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Australian Parliament Passes R18+ Legislation

| 18 Jun 2012 17:38
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Australian gamers are suddenly a lot closer to playing with the grown-ups.

Another day, another step closer to a seat at the big table for Australian gamers thanks to yesterday's passage of legislation allowing for the creation of an R18+ videogame rating in the country. You probably already know this but in case you've somehow missed out, Australia has R18+ ratings for movies - hence the amusing cornucopia of hardcore porn titles on the Australian Government's Classification website - but videogames, since they're just for kids, top out at MA15+.

It's a ridiculous situation that does far more harm than good, because while a number of irredeemable games are just outright banned, a great many more that should be R18+ are instead squeezed into the MA15+ category. The net result is that underage gamers can legally get their hands on more "mature" material in Australia than almost anywhere else in the world, while adult gamers down under just get shafted. But not for much longer!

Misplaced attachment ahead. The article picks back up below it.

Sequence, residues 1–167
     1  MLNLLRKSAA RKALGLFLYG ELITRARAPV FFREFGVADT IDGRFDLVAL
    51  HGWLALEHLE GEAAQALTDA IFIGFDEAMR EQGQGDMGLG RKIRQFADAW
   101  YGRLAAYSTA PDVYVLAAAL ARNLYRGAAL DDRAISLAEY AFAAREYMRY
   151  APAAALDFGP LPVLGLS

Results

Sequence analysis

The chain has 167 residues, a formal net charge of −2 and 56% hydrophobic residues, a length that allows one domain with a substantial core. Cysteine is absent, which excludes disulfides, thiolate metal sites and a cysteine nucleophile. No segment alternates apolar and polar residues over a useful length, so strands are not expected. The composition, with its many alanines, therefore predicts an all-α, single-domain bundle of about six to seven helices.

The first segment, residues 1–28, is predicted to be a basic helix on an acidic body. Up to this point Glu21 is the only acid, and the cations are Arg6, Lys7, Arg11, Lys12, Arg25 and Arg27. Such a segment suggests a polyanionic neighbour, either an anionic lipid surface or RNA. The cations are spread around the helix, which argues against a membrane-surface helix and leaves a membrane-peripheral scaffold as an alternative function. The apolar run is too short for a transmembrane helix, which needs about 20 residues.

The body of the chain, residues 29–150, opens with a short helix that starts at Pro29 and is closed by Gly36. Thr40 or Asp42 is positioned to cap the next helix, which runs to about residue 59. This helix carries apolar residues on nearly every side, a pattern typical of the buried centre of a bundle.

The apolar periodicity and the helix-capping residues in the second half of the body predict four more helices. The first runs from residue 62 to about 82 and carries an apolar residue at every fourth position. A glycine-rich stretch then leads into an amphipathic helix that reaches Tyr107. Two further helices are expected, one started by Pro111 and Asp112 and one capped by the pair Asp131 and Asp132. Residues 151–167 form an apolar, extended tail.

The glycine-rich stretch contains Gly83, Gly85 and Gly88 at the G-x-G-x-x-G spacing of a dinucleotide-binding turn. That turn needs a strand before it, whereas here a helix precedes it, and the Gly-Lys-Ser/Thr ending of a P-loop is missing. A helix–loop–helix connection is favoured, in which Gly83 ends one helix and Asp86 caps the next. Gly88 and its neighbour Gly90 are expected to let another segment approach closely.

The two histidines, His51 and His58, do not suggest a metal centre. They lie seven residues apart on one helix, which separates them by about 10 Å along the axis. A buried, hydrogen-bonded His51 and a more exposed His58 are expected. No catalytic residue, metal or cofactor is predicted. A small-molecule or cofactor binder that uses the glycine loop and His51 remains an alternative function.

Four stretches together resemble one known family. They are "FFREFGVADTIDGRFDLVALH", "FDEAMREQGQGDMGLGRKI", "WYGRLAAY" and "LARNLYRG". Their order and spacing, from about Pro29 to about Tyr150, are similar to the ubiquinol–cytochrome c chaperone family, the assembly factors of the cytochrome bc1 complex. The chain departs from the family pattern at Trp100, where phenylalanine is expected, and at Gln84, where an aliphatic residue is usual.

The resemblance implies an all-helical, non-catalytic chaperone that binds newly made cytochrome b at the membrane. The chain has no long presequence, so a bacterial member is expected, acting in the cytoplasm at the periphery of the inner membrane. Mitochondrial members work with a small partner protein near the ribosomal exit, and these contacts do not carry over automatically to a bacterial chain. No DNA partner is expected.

Jason Clare, Australia's Federal Minister for Home Affairs, announced yesterday that R18+ legislation had successfully passed through the Senate without amendment, clearing the way for it to finally become law. "These are important reforms over ten years in the making," he said. "The R18+ category will inform consumers, parents and retailers about which games are not suitable for minors to play, and will prevent minors from purchasing unsuitable material. The reforms also mean that adults are able to choose what games they play within the bounds of the law."

Individual Australian states must now pass their own "complementary legislation" to implement R18+ ratings, although that's expected to be pretty much a formality, as State and Territory Attorneys-General had already agreed to the reforms at the last meeting of the Standing Committee of Attorneys-General in July 2011. Assuming all goes according to plan, R18+ videogames will be a real, actual thing for Australians as of January 1, 2013.

Source: Jason Clare

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